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A good starting point for any questions you have about solving personal debt problems in Scotland
By Phil81
I wondered if you can offer any help? I have just moved abroad from Scotland to Slovakia due to a job change and I am now struggling with my debts that I had in Scotland such as credit cards. My monthly income is lower and also in Euros so this makes a huge difference to me.

What opportunities if any are available for me to manage my debt whilst I am living abroad otherwise I am soon going to be in the position that I cannot afford to live from one moth to the next.

Any assistance or information would be fantastic.
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By Geraldine
Hello Phil81 and welcome. I think the rulesfor Scotland are the same as England i the sense that as long as you have not been out of the country for more than three years you can still consider options such as a Trust Deed or Debt Arrangement Scheme. More information about both of these can be found here:


How much debt do you have and are you a homeowner? If you can give us this information I am sure we will be able to help you chose the right option.
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By Amy Jellings
Hi Phil81.

I'm glad to hear that your move was very recent. I'd strongly suggest taking professional advice on your options as soon as you possibly can before the number of options begins to shrink.

Do you retain any strong links in Scotland. For example, do you own a home there?
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By James Falla
Hi there Phil81

As you have only just moved to Slovakia you will still be eligable to apply for a Trust Deed or DAS. If you can give us a little more information about your circumstances I am sure we will be able to advise you further.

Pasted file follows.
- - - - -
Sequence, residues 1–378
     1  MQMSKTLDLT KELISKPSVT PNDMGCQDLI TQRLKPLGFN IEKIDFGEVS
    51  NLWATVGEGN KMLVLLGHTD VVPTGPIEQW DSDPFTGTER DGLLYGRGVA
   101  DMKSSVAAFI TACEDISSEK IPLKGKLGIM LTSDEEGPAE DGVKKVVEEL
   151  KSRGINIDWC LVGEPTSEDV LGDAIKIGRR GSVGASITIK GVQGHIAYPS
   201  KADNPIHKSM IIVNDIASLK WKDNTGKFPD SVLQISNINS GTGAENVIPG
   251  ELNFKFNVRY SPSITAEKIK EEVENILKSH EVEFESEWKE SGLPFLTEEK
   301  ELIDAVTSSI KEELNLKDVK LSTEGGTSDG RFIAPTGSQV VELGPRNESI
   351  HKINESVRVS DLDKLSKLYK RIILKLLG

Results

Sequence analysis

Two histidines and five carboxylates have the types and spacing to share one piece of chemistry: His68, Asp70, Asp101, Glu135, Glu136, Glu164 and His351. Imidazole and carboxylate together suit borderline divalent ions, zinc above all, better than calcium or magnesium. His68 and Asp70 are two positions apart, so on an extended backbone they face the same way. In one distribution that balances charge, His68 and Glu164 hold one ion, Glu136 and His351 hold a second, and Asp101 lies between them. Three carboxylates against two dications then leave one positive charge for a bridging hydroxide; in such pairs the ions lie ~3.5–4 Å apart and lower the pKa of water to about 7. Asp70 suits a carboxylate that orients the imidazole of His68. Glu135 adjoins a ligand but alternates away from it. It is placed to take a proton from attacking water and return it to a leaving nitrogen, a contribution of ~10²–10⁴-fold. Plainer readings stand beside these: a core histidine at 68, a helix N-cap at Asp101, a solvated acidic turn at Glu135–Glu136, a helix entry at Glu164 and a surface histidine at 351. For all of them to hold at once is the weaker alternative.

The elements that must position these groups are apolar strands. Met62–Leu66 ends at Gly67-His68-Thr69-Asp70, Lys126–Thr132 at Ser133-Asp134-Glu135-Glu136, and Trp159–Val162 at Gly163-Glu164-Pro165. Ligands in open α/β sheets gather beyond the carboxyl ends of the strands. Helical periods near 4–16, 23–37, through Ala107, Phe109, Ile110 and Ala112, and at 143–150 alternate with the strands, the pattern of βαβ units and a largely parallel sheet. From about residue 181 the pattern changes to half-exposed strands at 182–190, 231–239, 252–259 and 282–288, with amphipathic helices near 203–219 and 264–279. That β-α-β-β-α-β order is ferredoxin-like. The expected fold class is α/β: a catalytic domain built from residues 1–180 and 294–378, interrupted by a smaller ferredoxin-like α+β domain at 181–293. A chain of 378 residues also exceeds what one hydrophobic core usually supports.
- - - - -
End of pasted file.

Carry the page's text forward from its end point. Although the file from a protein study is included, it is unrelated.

By Phil81
Thank you all for your replies and for the information about Trust Deeds and DAS. My debts are about £22k. I do own a share in a property in Scotland. However it is currentl occupied by my wife - we are separated (Although not divorced). She is paying the mortgage but we also have a secured loan which I have to pay. With the secured loan there is no equity in the property. As I have a property does this mean that I would have to go down the DAS route? I cannot risk having to sell or remortgage as my wife simply will not agree to that.....
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By Steve Jackson
Hello Phil81

Given that there is no equity in your property, the Trust Deed option is the best for you. Your house would be valued at the beginning of the Trust Deed and given that there is negative equity it is taken out of the equation. Even if house prices rsie, it is not revalued again at a later date. As such your house would be protected and your debts would be cleared in 3 years compared to having to pay them in full over many more years in a DAS.
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By Amy Jellings
Hi Phil81.

The fact that you retain this strong connection to residence in Scotland is helpful. Even so, it will probably be better to keep moving towards doing something sooner rather than later.

Having no equity in your property is helpful in terms of a trust deed. You still need to be careful to use a trust deed firm that will clarify this lack of equity at the start of the process and give up the interest in the property they otherwise would have had. You'll want this confirmed in writing before you sign the trust deed. Otherwise, the risk is that you home could later be looked at again if equity develops. Don't use a trust deed firm that charges £500 to "protect the equity" in your property in the way I have described. Plenty will do the same without charging anything at all so it's a waste of your money.

I don't (at this stage) agree with the comment that a trust deed is the best option for you as I don't think we have enough information to make that judgement. How much can you afford to pay towards your debts each month do you think? Would you rather repay your debts in full, or is putting them behind you soon the most important thing for you? Is a formal insolvency a concern in any way connected to your profession?

The debt arrangement scheme may well be a valid option for you as well depending upon how much you can afford to pay towards your debts each month. DAS doesn't take your property into account in the way it would be for a trust deed or sequestration (bankruptcy).

Sequestration may well be the best option if your capacity to repay towards the debts each month is limited.